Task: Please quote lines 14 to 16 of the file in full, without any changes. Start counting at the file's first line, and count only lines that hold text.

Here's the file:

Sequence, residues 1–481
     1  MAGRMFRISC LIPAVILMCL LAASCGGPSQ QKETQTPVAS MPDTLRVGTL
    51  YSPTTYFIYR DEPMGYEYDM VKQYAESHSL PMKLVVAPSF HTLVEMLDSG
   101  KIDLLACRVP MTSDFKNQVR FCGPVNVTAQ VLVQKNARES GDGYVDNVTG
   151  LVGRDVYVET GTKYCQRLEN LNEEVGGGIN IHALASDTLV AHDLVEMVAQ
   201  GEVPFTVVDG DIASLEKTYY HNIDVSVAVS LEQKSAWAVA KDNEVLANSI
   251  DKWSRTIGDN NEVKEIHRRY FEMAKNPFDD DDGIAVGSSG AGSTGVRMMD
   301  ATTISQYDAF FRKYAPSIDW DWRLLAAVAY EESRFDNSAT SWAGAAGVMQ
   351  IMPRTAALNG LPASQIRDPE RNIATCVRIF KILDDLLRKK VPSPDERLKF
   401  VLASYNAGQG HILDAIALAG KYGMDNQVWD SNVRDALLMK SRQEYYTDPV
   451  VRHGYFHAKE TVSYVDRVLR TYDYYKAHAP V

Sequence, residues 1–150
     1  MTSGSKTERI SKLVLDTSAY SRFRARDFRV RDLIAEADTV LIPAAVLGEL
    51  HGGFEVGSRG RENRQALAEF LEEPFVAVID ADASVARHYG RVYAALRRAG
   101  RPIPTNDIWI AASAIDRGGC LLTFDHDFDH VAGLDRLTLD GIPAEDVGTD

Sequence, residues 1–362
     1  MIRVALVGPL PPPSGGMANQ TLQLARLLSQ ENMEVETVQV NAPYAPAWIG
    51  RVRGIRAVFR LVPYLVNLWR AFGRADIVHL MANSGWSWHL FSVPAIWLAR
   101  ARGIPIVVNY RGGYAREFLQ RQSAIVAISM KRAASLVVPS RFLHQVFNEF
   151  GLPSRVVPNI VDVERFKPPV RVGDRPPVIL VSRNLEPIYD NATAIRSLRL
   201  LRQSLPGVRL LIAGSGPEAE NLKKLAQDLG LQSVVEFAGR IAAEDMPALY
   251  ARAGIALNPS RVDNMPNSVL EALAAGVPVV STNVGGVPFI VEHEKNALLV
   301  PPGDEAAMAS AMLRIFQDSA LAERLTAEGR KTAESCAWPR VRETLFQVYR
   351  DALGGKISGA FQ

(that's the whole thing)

    51  HGGFEVGSRG RENRQALAEF LEEPFVAVID ADASVARHYG RVYAALRRAG
   101  RPIPTNDIWI AASAIDRGGC LLTFDHDFDH VAGLDRLTLD GIPAEDVGTD

Sequence, residues 1–362